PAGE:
Jesus said that His generation was like those who would neither weep at a dirge, nor rejoice and dance at the flute. It was those who were not brought to repentant weeping by John who could not truly rejoice at Jesus’ coming. This is why we need both Advent and Christmas; Lent and Easter. So that we are not fooled into confusing the way things are, the circumstances, the emotions—both good and bad—with the promise. Advent is the way things are; Christmas is the promise. Advent reminds us that we are waiting, just like John, for the promise. We’re not waiting for Christmas, that is, for Jesus to be born. He was born a long time ago; and it was only a couple years before He died and rose again. We’re not waiting for the Messiah; He has come. We already have, now, His death and resurrection in Holy Baptism and the Holy Supper. We don’t have to wait. And yet we wait. We rejoice now, but not fully. We feast now, but it’s only a taste. Advent is the difference between faith and sight. And all of this that we have heard: John in prison; the Messiah come but things don’t look any different; our lives as we experience them versus what we heard and believed—all of this is very far from everything the world calls Christmas. The world cannot wait; it knows no future. Wait for Christ? We can barely wait for Christmas. So we have to cover up Advent, make it nothing more than the days leading up to Christmas. We can’t wait; we want all the good feelings now. We cover up Advent with tinsel and lights; shiny smiles and blankets of newly fallen snow. Who wants to think about how things are? Christmas might be our greatest form of escapism, into a world that has no evil in it, only sparkles and light. But John knows better. And Christians know better. Because we are not optimists; but neither are we pessimists. We are realists with the reality of God, revealed in Jesus Christ in this world. Death and suffering have a way of interrupting our perfect Christmas dreams, whatever they are. Sometimes we have to suffer Advent. John suffered Advent, waiting for the Messiah to release the captives. People in Paris, or San Bernadino, or in this congregation in various ways, suffer Advent. Advent, like Lent, are about the way things are, the way we see and feel and experience this world. Advent, like Lent, is about sin and death. Nevertheless, Advent, like Lent, points to present reality in Christ that is beyond what we can see and feel. Advent and Lent point to the hope that trusts in Jesus’ words in spite of circumstances.
600 years before Jesus was born, God spoke to the people of Israel through the prophet Zephaniah. Nebuchadnezzar and Babylon were breathing down the neck of Israel, and Zephaniah himself had prophesied that Babylon would come and destroy Israel and take them into exile. But then, toward the end of his prophecy, he says something strange. He says to Israel, “Yahweh has taken away the judgments against you; He has cleared away your enemies.” Which must have sounded sort of surreal to stunned Israel. Actually, Zephaniah, it seems pretty much exactly the opposite of that. He has cleared away our enemies? When Babylon is on its way? But when God speaks, it’s as good as done. It’s so certain, God speaks in the past tense, as if it had already happened. Zephaniah goes on: Yahweh says, I will gather those of you who mourn for the festival, so that you will no longer suffer reproach. I will rejoice over you with gladness; I will quiet you with My love; I will exult over you with loud singing. Yes, even as Babylon comes south.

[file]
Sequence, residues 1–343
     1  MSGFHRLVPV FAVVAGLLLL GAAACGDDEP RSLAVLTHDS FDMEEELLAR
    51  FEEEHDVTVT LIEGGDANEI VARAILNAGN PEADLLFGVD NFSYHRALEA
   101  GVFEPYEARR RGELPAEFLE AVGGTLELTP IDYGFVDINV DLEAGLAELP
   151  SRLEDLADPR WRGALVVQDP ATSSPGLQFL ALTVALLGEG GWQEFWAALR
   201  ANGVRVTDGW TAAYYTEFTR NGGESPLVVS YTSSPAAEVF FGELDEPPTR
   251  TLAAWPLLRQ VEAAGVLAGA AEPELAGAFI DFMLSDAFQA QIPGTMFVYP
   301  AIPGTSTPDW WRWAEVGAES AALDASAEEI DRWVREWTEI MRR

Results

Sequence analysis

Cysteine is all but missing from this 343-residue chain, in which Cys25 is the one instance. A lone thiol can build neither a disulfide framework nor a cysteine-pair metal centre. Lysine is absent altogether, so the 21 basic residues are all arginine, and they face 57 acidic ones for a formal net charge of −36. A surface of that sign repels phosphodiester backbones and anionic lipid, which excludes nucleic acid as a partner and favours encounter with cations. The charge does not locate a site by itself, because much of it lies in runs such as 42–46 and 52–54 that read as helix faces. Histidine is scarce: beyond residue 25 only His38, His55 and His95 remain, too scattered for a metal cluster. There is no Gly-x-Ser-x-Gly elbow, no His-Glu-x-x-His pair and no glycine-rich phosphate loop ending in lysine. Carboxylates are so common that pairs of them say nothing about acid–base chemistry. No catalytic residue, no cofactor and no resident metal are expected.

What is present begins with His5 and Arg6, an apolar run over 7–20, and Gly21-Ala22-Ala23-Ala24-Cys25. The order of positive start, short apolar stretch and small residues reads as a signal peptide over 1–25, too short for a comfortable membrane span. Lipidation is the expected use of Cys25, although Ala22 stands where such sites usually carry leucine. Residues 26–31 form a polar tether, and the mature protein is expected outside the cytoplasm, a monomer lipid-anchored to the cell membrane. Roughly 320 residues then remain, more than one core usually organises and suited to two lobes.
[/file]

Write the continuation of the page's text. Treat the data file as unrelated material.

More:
When God speaks, it’s as good as done. Though John died in prison, when Jesus raises the dead and preaches good news to the poor, it’s as good as done for John, and for you. Whether Jesus comes in a year, or two, or a thousand; whether He comes sooner or later, the Coming One continues to sustain us with His very real Presence, the same way He sustained John: with a word, a promise. John got nothing more when he sent his messengers to Jesus, and we have nothing more. Just a promise. But it is Jesus‘ promise, and that makes all the difference in the world. We have the words of those who saw and heard what Jesus said and did, and they proclaim it to us so that we might believe along with them and with John, stuck in a dead-end prison. Rejoice in that word! Rejoice in the Lord always! Whether this year brings you good or bad, again I say: rejoice in the Lord who stands near at hand. He will sustain you so that you cannot be shaken. He is the Coming One, who has come and will come again; who will finally put this long, tired Advent to bed, until we wake on that Christmas Day and Resurrection Day rolled up into one. That will be the greatest Day that we have never imagined. It’s as good as done; Jesus said so.
In the Name of the Father and of the Son and of the Holy Spirit. Amen. “And the peace of God, which surpasses all understanding, will guard your hearts and your minds in Christ Jesus” (Philippians 4:7, ESV). Amen.
– Pr. Timothy Winterstein, 12/12/15